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Near the end of the war.

by john bates

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Contributed by 
john bates
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Contributed on: 
28 December 2003

(All in one day)

I went to church on Sunday.
Because my Mother told me.
I still prayed in the blitz.
And even in the army.
I fell out with god in Normandy.
All in one day

I trembled with my pretty visage
in the bottom left corner of a slit trench.
An hour before I'd seen a arm and a head,
being squashed into mud by the track of a tank
The driver couldn't see them.

Mortars, eighty eights and aircraft bombs fell
all round us in "death valley"
I tried to pray but my thoughts forced their way
to the bits in the mud,
He or they had prayed. It did them no good.
It was then I realized. I don't need that god.

Oh! but if only there was some sod on call.
Just to explain the insanity of it all.

Sixty thousand died in the mud on the "Somme"
All in one day!

Rest assured --- They prayed.


Four miles of camp 'Longmead Camp' Egypt.
The NAAFI, evening, dark - ominous,
The clatter of cups and chatter of troops,
Three from each regiment, there for a purpose.
Dim lights, Then black - No! just a glimmer,
It from the kitchen, Arabs doing dinner.
"PUT THAT LIGHT OUT" - a pause,- then inky.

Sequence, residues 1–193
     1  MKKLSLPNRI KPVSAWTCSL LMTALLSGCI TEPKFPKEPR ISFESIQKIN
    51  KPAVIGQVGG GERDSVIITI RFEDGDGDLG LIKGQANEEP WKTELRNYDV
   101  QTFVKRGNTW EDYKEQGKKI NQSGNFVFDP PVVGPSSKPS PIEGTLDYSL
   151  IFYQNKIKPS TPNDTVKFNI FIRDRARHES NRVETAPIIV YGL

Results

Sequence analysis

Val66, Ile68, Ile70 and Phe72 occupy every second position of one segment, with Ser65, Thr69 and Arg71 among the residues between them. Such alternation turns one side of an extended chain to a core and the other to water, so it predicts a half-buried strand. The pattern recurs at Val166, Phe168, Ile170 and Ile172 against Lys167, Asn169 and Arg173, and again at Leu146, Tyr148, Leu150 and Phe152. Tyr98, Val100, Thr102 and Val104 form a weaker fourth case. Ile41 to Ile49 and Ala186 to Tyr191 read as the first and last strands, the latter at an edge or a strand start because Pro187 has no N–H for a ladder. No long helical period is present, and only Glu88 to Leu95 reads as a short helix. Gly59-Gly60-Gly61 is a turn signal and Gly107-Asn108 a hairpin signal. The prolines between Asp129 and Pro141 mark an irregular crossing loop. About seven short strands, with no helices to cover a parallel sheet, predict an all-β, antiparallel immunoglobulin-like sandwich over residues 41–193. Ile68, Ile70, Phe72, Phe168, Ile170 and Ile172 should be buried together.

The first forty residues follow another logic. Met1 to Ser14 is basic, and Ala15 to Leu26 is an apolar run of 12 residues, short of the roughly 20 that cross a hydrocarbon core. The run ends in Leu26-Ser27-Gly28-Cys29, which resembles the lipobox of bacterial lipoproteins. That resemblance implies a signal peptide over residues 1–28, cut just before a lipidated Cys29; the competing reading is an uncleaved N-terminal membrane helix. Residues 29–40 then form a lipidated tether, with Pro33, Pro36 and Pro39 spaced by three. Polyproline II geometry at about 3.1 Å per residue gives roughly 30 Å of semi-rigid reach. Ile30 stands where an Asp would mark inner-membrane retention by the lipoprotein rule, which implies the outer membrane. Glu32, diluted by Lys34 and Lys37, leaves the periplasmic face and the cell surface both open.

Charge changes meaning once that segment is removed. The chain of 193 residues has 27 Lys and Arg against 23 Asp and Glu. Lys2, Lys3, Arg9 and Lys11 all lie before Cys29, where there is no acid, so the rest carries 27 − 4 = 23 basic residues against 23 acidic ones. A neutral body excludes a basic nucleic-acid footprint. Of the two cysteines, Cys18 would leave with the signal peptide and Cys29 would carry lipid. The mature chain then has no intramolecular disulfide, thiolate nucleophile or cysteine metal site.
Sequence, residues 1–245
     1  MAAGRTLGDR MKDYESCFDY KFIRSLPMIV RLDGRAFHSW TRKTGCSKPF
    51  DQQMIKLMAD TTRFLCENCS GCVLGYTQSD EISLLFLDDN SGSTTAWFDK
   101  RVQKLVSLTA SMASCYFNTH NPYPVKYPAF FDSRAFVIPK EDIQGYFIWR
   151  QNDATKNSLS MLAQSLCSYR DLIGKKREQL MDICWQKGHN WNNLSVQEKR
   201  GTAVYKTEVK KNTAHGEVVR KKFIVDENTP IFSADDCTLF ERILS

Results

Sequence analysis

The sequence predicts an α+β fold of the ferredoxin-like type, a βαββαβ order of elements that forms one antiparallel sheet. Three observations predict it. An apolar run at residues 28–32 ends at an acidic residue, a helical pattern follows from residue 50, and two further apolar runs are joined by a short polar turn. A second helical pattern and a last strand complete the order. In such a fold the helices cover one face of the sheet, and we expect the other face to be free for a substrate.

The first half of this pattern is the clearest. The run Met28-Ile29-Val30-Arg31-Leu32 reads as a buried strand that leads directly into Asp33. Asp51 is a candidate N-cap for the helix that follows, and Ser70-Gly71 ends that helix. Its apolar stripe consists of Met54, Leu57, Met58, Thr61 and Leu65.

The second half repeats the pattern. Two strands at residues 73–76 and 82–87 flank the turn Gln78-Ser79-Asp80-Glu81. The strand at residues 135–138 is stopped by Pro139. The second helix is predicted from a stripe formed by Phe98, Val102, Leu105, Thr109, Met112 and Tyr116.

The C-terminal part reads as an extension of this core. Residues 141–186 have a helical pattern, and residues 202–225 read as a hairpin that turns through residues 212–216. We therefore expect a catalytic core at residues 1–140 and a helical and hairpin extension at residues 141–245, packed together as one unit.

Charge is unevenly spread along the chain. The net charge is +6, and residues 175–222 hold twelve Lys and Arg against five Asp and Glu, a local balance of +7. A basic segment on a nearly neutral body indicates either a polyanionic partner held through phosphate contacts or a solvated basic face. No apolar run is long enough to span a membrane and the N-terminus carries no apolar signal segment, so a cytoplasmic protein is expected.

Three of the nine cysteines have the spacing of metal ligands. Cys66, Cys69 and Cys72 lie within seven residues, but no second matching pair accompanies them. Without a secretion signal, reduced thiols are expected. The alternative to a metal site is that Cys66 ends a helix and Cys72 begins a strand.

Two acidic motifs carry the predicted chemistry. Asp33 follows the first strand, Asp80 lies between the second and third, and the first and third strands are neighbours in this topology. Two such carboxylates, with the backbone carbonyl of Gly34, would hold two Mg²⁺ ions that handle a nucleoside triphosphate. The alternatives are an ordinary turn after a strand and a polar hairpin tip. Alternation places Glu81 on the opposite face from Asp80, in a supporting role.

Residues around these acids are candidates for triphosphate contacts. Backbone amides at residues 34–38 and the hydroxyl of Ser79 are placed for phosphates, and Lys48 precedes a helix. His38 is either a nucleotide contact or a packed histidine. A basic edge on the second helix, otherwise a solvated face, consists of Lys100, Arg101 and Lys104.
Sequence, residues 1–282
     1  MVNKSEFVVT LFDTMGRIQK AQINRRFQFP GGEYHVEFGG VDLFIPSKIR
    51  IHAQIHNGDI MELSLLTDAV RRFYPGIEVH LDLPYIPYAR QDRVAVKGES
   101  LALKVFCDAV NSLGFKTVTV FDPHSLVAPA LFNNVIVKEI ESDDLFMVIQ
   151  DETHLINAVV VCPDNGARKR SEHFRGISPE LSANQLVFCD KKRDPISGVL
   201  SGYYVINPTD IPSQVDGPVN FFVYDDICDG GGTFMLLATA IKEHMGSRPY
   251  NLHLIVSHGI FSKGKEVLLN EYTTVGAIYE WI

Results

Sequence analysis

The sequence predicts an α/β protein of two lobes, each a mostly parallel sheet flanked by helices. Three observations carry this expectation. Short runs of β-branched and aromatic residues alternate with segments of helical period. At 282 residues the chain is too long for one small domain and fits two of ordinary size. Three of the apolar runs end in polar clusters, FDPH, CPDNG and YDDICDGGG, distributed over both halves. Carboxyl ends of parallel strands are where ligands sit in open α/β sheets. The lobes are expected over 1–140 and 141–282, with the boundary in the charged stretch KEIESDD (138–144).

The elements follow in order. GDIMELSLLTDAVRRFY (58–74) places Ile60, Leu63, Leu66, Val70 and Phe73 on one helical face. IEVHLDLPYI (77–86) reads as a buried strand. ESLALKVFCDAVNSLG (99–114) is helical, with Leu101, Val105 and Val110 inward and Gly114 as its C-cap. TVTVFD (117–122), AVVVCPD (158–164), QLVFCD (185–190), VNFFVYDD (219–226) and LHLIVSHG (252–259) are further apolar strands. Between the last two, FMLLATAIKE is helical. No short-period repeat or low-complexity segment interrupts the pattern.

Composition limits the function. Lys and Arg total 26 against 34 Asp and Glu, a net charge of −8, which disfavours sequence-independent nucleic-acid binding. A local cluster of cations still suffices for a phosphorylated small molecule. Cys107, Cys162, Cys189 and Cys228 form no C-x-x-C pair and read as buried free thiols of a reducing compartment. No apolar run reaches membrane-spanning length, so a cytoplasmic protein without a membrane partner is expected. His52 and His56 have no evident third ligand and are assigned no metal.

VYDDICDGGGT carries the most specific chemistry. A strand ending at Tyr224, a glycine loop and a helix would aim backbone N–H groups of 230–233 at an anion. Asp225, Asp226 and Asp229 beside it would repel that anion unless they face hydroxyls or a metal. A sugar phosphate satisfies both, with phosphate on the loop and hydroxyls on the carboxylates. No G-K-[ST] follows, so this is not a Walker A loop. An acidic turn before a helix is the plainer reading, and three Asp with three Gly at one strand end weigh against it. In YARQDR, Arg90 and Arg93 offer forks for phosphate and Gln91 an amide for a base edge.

Roll Call, - HLI - here, Gordon's - here,
Argyles - here, - Middlesex - here.
Twenty times more the calls rang out.
Some answers, excuses, those in doubt ?.

Silence - then "RIGHT WHEN ?".
The replies are a jumble -"WHAT DAY, WHEN"?.
HLI reply, “ Tuesday, no good, on the 'ranges'.”
"SO - Wednesday ?" - on and on for ages.

Then - "SIB" - Silence --- lights come back,
"Sorry, false alarm" again inky black.
At last the final decision.
FRIDAY. 7 AM. The strike was ON !

All had gone to 'NAAFI plan'. Start with one
Regiment, circle camp and all follow on.
A mile of men. One massive queue -
Up to the gate. And, A six pounder gun crew.

" FIRE " roared the officer - no sound ensued,
" FIRE " - The crew sat down and refused.

The Army poured out - onto the road.
But that was the end - objective realized.

Later the gun crew were tried and imprisoned.
The charge 'Refusing to obey an order',
The sentence, 'Two years incarceration',
It in place of impending demobilization.


A green grass hill on the side of a valley
below British trucks on a road in Normandy.
Lazy July day, laying there watching a plane above
a friendly one, a Spitfire circling like a dove,
on guard looking after the troops, its chicks.
Squaddies talking, laughing, below in the trucks.

Ear shattering stutter of eight cannon,
tracers curving, racking, cutting through the column,
bursting flashes, fires, men in the ditches.
and the Spitfire stick pulled back, rolling out
from the smoke away from the carnage.

A previously captured English fighter?
A mistake by an English pilot?
Or a traitor?


AB8 Policeing

The war ended while we were in Germany where we spent the next 6 months policing an area of about 10 mile square. A message would come in that some nut had robbed killed or stolen whatever and off we ( one carrier with four men and me on the bike) would go to sort out what was amiss. Actually it was very entertaining and often weird as when we were sent to this rich blokes garage full of reams of suiting material about 8 foot long by a couple of foot round, tons of it. He, who ever he was, Jew or German, we never knew, had had a tip off that it was going to be stolen. We hung around drinking tea and cooking meals with one awake each of 4 nights till in the early hours of the last one some paralytic drunken pole tripped over the place and we took him in.